The governing body for the Highland games has added the prefix “royal” to its title after the name change was approved by the Queen, organisers said.
The Scottish Highland Games Association is now to be known as the Royal Scottish Highland Games Association (RSHGA), in a move which “recognises a thousand years of tradition”, said chairman Iain Watt.
The Prince of Wales – or the Duke of Rothesay as he is known in Scotland – is patron of the organisation and recorded a video message supporting the games last month following cancellations of country-wide events for the second year due to the pandemic.
Charles said it was a “source of great sadness” to learn of the games being axed “as one who has had the joy of attending Highland games and gatherings since childhood”.
Mr Watt said: “While much of the origins are lost in the mists of time, it’s often said that the Scottish King Malcolm started things in the 11th century with competitions to find the swiftest runners, strongest throwers and best pipers.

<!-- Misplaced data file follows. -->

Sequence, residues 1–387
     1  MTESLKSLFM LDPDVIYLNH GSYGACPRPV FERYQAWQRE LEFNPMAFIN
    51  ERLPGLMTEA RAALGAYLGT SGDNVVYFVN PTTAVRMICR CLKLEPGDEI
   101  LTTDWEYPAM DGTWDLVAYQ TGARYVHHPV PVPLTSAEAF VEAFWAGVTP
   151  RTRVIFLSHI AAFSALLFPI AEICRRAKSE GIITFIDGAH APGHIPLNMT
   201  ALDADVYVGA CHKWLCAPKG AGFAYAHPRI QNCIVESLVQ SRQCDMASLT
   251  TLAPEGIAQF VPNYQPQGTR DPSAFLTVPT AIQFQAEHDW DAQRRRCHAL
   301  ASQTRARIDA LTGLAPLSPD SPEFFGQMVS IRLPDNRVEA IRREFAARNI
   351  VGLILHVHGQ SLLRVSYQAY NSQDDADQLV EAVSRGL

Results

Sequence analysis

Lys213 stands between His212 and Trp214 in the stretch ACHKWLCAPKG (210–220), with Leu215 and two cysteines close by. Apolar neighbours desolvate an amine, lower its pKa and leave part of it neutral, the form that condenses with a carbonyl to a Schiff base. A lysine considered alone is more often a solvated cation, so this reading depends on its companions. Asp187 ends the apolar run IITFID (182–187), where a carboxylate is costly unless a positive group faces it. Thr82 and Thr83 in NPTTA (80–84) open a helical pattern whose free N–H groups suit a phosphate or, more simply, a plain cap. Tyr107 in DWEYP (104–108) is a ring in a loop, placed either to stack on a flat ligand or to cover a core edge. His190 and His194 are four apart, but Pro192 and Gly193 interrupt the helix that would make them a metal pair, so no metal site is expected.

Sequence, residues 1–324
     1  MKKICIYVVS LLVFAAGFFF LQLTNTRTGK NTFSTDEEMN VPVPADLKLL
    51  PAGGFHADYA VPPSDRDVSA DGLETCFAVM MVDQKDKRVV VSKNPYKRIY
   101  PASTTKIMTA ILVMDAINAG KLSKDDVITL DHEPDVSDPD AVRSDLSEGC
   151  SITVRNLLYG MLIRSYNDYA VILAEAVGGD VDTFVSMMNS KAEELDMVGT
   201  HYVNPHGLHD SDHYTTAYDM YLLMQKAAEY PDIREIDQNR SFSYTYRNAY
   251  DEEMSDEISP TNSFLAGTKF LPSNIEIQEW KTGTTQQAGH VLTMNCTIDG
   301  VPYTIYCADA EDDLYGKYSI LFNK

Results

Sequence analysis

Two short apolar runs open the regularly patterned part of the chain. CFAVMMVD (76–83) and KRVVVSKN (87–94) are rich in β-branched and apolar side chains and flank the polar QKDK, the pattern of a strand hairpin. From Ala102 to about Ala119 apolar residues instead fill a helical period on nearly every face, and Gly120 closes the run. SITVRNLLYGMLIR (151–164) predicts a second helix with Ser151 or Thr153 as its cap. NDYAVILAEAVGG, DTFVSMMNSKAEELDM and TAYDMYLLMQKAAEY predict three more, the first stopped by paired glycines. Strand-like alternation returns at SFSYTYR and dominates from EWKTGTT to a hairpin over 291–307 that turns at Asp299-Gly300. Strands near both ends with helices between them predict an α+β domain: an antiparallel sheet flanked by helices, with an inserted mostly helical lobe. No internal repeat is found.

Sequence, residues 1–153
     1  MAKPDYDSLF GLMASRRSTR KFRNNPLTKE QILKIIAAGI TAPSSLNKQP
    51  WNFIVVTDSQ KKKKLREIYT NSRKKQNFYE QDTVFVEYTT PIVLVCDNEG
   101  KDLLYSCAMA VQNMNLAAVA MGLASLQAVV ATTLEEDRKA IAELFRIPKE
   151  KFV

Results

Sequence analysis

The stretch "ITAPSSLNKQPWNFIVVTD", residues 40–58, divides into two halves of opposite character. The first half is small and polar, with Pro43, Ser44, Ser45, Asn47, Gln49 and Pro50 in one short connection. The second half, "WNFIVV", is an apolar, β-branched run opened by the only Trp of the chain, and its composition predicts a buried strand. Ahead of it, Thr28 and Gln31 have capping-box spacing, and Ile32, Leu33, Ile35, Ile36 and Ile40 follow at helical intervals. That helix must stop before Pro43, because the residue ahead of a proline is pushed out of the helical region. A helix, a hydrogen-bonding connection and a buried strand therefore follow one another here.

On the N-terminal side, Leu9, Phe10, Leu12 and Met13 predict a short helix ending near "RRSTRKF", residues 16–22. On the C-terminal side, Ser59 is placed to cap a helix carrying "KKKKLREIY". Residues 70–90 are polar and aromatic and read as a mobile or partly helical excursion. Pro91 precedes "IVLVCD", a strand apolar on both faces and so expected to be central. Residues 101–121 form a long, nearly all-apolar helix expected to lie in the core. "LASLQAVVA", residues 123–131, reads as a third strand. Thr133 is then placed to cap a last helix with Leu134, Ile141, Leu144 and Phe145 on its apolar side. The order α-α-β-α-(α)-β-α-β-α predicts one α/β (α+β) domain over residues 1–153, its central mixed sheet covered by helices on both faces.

“Highland games have enjoyed strong royal connections ever since, including annual visits to the Braemar Gathering.”
The RSHGA was established in 1947 and is made up of members of 60 events in Scotland, from small local games to large ones such as the Braemar Gathering, plus several affiliates abroad.
It has 400 athletes, in addition to hundreds of dancers, pipers and drummers, competing in more than 1,000 competitions, staged around Scotland in front of 300,000 spectators, many from abroad, annually, said organisers.
Notable events include the caber toss, hammer throw, and tug o’war.